The brand manager’s guide to Millennial 20/20

‘Bringing together world-leading consumer brands and retailers to shape and realise the future of commerce.’

From the off, Millennial 20/20 gave itself some very big boots to fill. Having returned from the first of the 2017 summits in New York, we’re happy to report the event delivered on its promises – offering a rich showcase of food, fashion, tech and retail insight into everything ‘millennial’.

Rare directors James, Andrew and Ninu were all in attendance, hosting our own panel on brand-building alongside Zach Swiss (Heineken’s Director of Strategy) and Francesco Tortora (Gillette’s Global Brand Director).

But we weren’t just at the event as hosts; we were there to soak up knowledge and insight from the leading lights of brand and retail innovation, too. Here are our key takeaways from the event.

Lesson 1. Embrace the Great Rewrite

We’re all innovators now. That’s part and parcel of being a viable business.

On the Digital Stage on day 1, tech figurehead Leonard Brody delivered his ‘state of the nation’ for the world of digital. For Brody, innovation died in 2008 – having reached its quickest pace in 6,000 years. Today, innovation is a constant and expected norm across all industries. Brody calls this ‘The Great Rewrite’ – where old rules in business no longer apply. Organisations of all types should beware the fate of Blockbuster – a multimillion dollar business that wilfully ignored the changes ongoing around it and suffered the ultimate fate.

Brody’s perspective echoed our own discussion on the Solutions Stage. Businesses cannot afford to sit back and wait for tomorrow to happen. Instead, they must seek to predict what’s coming next. Disruption should be embraced as a source of growth – not feared.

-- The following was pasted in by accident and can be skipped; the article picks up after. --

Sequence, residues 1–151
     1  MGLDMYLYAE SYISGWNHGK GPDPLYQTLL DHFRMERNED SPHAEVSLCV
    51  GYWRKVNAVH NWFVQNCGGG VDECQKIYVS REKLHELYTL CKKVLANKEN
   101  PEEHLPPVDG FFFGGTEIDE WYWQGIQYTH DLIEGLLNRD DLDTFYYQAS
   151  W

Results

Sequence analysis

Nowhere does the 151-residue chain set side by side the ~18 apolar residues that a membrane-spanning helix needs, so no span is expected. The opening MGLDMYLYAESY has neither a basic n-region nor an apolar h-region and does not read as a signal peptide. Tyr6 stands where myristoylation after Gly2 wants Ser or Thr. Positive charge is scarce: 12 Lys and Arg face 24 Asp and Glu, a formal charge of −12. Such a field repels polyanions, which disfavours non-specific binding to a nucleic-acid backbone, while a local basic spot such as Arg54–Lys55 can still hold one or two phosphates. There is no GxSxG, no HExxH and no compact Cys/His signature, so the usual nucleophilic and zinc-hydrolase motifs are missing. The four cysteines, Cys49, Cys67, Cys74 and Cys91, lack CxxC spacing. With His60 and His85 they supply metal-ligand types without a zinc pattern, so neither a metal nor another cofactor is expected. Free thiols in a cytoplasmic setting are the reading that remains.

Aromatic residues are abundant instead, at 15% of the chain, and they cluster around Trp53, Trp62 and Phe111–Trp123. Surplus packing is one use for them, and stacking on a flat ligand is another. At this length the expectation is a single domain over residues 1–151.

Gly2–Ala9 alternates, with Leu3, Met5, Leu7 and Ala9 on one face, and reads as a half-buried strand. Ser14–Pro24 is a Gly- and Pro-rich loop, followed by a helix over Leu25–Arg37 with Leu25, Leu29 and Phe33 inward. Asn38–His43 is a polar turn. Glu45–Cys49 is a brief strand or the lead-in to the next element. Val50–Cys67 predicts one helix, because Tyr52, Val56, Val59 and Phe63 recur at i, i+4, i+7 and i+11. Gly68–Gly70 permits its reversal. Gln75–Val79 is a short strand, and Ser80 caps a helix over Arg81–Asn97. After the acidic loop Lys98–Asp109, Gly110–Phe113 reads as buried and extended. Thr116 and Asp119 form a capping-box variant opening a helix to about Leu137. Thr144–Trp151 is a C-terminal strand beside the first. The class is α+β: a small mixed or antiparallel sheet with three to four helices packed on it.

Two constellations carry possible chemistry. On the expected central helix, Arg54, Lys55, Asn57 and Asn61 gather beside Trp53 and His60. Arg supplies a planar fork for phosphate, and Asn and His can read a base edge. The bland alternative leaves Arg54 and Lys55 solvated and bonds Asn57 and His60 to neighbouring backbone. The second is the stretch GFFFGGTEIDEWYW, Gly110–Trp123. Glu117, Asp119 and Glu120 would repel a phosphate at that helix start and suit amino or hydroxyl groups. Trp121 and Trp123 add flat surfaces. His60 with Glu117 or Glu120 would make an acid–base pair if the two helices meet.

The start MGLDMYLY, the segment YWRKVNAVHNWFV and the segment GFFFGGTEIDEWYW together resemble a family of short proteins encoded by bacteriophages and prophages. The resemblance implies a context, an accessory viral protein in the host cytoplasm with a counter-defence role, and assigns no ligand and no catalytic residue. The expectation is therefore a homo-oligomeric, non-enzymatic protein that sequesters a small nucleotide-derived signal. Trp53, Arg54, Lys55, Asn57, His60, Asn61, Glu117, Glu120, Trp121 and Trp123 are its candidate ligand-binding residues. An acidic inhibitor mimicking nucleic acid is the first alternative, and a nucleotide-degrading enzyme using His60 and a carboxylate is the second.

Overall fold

Lesson 2. Millennials value value

Millennials seek brands with a mission and a backbone, says Peter McGuinness, CMO of Greek yoghurt leader Chobani.

For McGuinness, distinct and sincere brand values are key to businesses seeking relevance and growth in modern markets. Why? Because millennials put brand purpose on a par with product or service benefits.

Chobani is its own best case study; an FMCG brand that puts authenticity and ethical production at the core of its positioning. In turn, the business has exceeded its growth targets and redefined the yoghurt category in the US. Crucially, they have done so without compromising the values at the root of their success. McGuinness’ insight on this point was clear and compelling – something all FMCG brands should look to emulate on a real level.

Lesson 3. Convenience will kill the supermarket

Jackson Jeyanayagam and Chieh Huang’s profile of their US startup Boxed was a stark lesson in realism and brave business.

Boxed offers two-day delivery of bulk FMCG goods – ‘Costco for the millennial generation.’ E-commerce means time-poor modern consumers have little incentive to visit supermarkets when they can go online and buy directly with the convenience of home delivery. The lesson for retailers: either adapt to consumers’ expectations of frictionless shopping, or offer a physical retail experience that makes it worth them visiting you in person. The UK and US grocery sectors are already saturated and heavily competitive. Online alternatives like Boxed could deal a deathblow to the supermarket as we know it.

Lesson 4. For the future, go East